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Poetic Explorations of . . . Mathematicians

In the *Journal of Humanistic Mathematics* (Volume 1, Issue 2), we find "Numen^{R}ology: A Poetic Exploration of the Lives and Work of Famous Mathematicians" by Saskatchewan poet, Mari-Lou Rowley. In addition to the following poem, "On Diophantus *Arithmetica*," Rowley's JHM collection includes "Ode to Alan Turing" and "On Euclid’s *Book VII – Elementary Number Theory*: Proposition 8." Rowley's lines below wonderfully describe the emotional flow that comes with engaging in mathematics -- as mathematical terms are translated into the human terms of *wanting* and *forthcoming*, *kneading*, . . . and *yielding*.
** On Diophantus’ ***Arithmetica* by Mari-Lou Rowley
* A “wanting” and a “wanting” yields a forthcoming.*
* A “forthcoming” and a “wanting” yields a wanting. *^{δ}
and did I tell you over the brim of it all
and the words welling and sucked back
under the undertow of wanting to yield
all needing under your kneading hands
and the words welling and sucked back
and forth and finally returning to source
stream-head bubbling a fissure forceful
wanting your hands there forthcoming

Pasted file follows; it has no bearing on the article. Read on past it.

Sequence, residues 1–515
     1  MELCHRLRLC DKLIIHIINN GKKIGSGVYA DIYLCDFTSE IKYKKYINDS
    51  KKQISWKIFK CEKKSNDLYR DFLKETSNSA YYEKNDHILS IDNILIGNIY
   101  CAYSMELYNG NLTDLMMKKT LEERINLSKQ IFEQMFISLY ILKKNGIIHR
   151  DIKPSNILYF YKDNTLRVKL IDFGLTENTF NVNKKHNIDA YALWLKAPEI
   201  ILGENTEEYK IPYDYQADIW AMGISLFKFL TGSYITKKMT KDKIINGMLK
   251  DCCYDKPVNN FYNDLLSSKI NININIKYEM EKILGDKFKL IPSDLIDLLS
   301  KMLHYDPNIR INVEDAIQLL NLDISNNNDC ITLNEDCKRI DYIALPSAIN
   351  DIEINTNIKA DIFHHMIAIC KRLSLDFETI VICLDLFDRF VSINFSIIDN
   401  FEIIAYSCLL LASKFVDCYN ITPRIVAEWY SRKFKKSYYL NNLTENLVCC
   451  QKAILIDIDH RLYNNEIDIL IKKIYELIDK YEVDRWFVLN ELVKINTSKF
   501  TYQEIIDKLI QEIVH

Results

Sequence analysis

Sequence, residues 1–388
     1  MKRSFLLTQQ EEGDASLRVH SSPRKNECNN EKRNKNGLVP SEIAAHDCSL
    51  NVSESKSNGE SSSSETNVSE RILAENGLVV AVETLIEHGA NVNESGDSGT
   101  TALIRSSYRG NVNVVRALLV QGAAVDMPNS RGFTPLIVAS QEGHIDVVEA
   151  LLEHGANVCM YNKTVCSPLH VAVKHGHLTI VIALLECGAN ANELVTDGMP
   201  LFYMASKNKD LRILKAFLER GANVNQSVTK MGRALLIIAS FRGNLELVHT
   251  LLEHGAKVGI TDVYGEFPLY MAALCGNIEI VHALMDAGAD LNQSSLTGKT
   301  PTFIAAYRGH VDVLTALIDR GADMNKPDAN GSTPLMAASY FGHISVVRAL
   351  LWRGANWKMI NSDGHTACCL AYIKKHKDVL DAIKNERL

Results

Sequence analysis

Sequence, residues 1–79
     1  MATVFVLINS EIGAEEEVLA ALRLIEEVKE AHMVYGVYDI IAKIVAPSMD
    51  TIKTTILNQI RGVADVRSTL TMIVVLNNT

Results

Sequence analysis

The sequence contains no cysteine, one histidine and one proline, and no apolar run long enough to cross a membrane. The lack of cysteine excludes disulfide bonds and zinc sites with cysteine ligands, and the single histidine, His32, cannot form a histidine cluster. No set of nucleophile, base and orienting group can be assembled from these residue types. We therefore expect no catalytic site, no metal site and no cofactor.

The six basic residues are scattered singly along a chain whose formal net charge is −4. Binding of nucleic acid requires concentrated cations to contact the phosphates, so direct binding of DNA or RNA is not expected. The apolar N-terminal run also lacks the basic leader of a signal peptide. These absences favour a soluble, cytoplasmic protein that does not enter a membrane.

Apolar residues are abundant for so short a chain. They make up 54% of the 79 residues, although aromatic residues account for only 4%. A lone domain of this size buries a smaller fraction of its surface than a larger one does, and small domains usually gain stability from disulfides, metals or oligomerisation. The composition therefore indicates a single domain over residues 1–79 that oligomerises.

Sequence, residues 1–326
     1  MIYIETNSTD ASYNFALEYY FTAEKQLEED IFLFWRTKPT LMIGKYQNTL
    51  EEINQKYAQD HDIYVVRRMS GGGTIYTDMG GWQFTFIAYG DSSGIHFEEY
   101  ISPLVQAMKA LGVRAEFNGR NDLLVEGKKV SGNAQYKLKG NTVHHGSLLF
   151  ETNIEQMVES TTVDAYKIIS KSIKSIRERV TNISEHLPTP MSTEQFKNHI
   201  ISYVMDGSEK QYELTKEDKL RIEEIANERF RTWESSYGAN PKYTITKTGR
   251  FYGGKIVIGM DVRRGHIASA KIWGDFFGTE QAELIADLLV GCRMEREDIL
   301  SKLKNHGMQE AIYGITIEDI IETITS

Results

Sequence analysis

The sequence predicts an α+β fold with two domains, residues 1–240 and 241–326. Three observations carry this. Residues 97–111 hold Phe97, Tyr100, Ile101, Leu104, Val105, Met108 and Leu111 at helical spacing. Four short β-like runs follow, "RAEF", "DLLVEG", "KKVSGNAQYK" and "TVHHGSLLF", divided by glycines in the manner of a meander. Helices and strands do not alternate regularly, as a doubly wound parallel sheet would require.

under the undertow of wanting to yield
and fall forward running toward your
words outstretched and spilt forth over
the edge of this forthcoming yielding
under your kneading hands all thoughts
full of words unsaid re-verbed undone
this pounding ribbed throbbing wanting
and did I tell you over the brim of it all
^{δ }Where positive terms represent a "forthcoming" and negative terms a "wanting."
Diophantus was a Greek mathematician who lived in Alexandria during the third century AD. His book Arithmetica is a collection of 130 problems and numerical solutions of these, many of which were not fully appreciated until the 17th century when one, widely publicized, became known as Fermat's Last Theorem. Although *Arithmetica *and its author are often mentioned as the origin of algebra, most of what was written in this work was also known by the Babylonians.
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